Patterico's Pontifications

5/31/2010

Memorial Day

Filed under: General — Jack Dunphy @ 12:34 pm

[Guest post by Jack Dunphy]

Robert Parry, a friend of this site currently deployed with the Army in Afghanistan, sends along the below photograph, taken in Baghdad in September 2005. The soldier memorialized in the center is Sergeant Paul Neubauer, who is buried at the Veterans’ Cemetery here in Los Angeles.

We are often told but just as often need reminding: freedom isn’t free.

Sheile-Neubauer-Sonoda

8 Comments

  1. Greetings:

    Back in the summer of last ’68, I was doing my military service down in Texas, which, after the Bronx, is the place I’d most like to be from. For several months, I was assigned to the base’s funeral detail. We would provide pallbearers and a rifle squad for those requesting military funerals in the local area.

    Military-wise, it wasn’t bad duty. On the days when we weren’t scheduled for a funeral, we would spend several hours practicing our “drill & ceremonies” and a couple more squaring away our uniforms and equipment. On funeral days, we would head out as early as necessary on a 44-passenger bus, often in civilian clothes or else fatigues with our first-class uniforms and equipment in tow. Often we would change into our duty uniforms at the funeral home, once in the casket display room, or on the bus itself.

    It being Texas and the Viet Nam war being in full swing, we often had several funerals a week to perform. There was a certain spectrum from the World War graduates through the Viet Nam casualties. The former might involve a local veterans’ group and an afterward BBQ or such. The latter were somewhat more emotionally raw as most of us were facing our own deployments in the near future.

    Two funerals of the latter sort have stayed with me through the years. The first was of a young Private First Class who had been MIA for several months before his remains were recovered. I was on the pallbearer squad that day and when we went to lift the casket, it almost flew up in the air. There was so little of the young soldier left that we totally overestimated the weight we were lifting and almost looked decidedly unprofessional.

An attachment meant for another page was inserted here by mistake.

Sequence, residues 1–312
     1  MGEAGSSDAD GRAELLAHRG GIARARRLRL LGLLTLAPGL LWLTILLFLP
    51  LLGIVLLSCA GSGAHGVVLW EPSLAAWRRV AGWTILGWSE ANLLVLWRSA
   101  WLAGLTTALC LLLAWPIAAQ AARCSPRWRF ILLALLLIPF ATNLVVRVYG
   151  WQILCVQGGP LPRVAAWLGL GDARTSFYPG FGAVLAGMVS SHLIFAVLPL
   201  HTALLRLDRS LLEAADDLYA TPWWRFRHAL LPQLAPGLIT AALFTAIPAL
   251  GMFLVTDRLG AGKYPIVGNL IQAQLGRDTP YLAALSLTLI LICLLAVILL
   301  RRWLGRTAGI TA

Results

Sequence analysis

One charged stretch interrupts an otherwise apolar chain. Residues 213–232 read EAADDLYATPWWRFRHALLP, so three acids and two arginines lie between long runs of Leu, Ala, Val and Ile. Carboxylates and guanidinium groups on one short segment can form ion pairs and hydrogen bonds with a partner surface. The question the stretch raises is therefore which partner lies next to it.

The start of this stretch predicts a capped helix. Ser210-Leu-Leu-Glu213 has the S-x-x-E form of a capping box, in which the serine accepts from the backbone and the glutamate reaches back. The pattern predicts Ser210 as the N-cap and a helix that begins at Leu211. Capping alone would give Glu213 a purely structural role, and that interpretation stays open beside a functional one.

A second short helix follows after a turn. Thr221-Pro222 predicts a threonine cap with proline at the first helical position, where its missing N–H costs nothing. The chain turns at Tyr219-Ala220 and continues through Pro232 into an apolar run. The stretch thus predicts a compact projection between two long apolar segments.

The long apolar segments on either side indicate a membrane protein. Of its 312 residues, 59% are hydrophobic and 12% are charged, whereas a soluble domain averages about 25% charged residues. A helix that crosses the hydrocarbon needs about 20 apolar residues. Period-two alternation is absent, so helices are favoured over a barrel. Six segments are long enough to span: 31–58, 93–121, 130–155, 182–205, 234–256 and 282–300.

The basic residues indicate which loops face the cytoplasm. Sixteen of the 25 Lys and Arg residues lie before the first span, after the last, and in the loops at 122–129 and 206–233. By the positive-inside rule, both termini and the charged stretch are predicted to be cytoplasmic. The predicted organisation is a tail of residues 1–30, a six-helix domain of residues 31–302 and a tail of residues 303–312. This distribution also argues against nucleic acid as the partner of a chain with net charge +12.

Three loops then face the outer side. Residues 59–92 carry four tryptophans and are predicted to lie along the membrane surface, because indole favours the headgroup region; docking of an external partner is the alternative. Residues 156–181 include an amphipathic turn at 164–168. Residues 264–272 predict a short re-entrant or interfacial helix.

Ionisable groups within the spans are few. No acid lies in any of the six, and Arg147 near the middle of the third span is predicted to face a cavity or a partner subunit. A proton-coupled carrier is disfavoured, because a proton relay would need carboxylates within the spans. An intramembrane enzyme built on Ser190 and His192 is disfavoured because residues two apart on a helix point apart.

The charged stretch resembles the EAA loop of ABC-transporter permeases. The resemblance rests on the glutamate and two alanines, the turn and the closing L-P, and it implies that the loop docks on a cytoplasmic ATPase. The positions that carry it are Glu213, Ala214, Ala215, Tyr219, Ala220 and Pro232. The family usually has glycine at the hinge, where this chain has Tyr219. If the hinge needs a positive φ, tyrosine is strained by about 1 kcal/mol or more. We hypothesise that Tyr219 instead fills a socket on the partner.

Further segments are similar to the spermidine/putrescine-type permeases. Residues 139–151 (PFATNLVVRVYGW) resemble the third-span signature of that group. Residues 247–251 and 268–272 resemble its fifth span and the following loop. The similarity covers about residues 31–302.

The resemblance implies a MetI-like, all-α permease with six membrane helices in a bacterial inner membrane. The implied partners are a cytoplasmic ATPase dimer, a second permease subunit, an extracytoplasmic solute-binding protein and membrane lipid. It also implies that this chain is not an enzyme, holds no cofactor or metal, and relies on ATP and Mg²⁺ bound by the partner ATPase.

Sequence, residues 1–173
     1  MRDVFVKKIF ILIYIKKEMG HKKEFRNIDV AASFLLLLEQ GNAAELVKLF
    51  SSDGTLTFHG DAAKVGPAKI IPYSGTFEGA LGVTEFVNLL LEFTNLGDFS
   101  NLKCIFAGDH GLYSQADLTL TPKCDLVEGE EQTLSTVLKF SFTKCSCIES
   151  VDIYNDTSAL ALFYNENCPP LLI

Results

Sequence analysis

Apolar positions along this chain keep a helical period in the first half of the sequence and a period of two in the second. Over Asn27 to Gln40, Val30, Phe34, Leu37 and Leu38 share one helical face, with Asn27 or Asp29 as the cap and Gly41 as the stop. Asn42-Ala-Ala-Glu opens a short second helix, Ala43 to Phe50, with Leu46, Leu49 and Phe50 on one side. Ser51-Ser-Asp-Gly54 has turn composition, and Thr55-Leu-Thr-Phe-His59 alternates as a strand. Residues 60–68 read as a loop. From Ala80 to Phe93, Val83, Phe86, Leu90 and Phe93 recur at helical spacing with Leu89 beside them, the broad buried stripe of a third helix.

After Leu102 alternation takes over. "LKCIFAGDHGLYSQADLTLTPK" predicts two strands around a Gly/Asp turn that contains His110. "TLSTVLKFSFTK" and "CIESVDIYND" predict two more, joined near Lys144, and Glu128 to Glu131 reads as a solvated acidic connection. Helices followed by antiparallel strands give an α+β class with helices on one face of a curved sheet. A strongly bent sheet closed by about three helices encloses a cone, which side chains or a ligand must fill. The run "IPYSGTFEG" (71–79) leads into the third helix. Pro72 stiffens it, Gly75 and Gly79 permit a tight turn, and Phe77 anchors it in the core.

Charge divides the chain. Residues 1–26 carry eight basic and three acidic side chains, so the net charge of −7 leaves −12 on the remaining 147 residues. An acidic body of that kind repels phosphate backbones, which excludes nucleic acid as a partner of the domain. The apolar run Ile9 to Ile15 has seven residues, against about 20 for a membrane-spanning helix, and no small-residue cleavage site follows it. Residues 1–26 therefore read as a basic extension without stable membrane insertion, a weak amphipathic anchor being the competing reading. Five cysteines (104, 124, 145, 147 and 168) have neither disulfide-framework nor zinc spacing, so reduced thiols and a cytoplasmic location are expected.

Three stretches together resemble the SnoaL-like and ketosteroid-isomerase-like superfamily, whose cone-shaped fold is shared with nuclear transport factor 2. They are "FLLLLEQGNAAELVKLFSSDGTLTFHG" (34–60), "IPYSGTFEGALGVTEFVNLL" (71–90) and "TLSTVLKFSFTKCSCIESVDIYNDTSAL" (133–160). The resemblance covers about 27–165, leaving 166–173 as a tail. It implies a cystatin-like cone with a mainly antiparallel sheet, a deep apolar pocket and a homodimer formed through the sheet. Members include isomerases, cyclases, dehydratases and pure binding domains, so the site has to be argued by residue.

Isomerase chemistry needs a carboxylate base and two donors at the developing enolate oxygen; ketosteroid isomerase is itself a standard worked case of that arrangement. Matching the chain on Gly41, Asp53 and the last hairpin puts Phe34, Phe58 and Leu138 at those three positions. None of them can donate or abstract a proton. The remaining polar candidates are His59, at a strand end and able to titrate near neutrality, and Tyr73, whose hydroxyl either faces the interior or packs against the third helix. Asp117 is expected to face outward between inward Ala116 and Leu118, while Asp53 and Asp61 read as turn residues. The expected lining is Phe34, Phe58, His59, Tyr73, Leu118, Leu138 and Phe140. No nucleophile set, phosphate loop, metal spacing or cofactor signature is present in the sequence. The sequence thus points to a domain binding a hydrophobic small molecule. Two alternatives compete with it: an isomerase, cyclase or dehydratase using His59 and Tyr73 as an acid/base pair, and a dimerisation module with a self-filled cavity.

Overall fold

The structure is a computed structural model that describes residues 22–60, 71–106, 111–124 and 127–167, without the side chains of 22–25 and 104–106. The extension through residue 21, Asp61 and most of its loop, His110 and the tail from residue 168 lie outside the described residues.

The other was that of a Negro Specialist 4th Class. I was in the rifle squad that day. In the rendering of military honors, there is a momentary pause between the end of the (21-gun) rifle salute and the beginning of the playing of “Taps”. It is a moment of profound silence in most cases. During that moment, the young soldier’s mother gave out a yowl from the depths of her grief that so startled me that I almost dropped the rifle out of my hands. That yowl echoes within me still.

    I’ll readily admit that, as a result of my experiences, I became much imbued with a sense of duty and respect to and for our fallen. Hopefully, today, when our media do their reporting they will show some of the same and let “Taps” be played out in its entirety. It would be nice for a change.

    Comment by 11B40 (554e24) — 5/31/2010 @ 2:02 pm

  2. I wish I could take credit for these words and comments, but they belong to another —–

    The first really serious thought I had about the war in Vietnam came in, strangely enough, my Algebra class, when our teacher, a retired Colonel who had taught at the War College, pierced the small minds he taught by writing simple quotations on the blackboard each day. Only rarely did he ever comment about them. The day I read this quotation my world began to open. The words said simply,

    “Somewhere out there a man died for me today, that I might live free. And I must ask and answer, ‘Am I worth dying for?’”

    The entire article can be found at: http://www.americanthinker.com/blog/2009/12/a_military_mothers_take_on_the.html

    Comment by Robert N. (82cc9a) — 5/31/2010 @ 2:23 pm

  3. Hand, Salute. Rest well, heroes.

    Comment by gm (8cd8aa) — 5/31/2010 @ 7:05 pm

  4. May God bless those who serve and watch over and protect them and their loved ones. We owe those who made the ultimate sacrifice a debt that can never be repaid. They are all heroes.

    Comment by GeneralMalaise (67df13) — 5/31/2010 @ 7:43 pm

  5. God bless. That is all.

    Comment by JD (bd3d05) — 5/31/2010 @ 8:12 pm

  6. For those who gave their hopes, dreams, and lives, so that I might celebrate mine in freedom — may God’s blessings fall upon you again this day. I’ve decided to start saying “Blessed Memorial Day”, and hope that you’ve had one, too.

    Absent friends.

    Comment by htom (412a17) — 5/31/2010 @ 8:54 pm

  7. Our missing President (being so much smarter than everybody) decided not to honor our Nation’s Best at the Sacred Place set aside for that very purpose on this very day, every year.

    The Tomb of the Missing Soldier and all those it represents did not receive the Honor it was entitled to today.

    I’m guessing Abe Lincoln and Our Most Honored Veterans were a bit displeased. Looks like a certain little President had his little parade p!ssed-on.

    (Not sure about the thunder, but some say it sounded like voices above were saying: “Hell No!”)

    Comment by Pons Asinorum (b96aea) — 5/31/2010 @ 9:24 pm

  8. God Bless all those who served and fell so that we might tuck our children in at night and keep our promises of safety to them.

    You stood watch against the dictator’s henchmen, the king’s armies, and terrorist cowards. You did not allow them to enter our homes and take what they wish.

    Thank you, Brothers.

    Comment by Pons Asinorum (b96aea) — 5/31/2010 @ 9:25 pm

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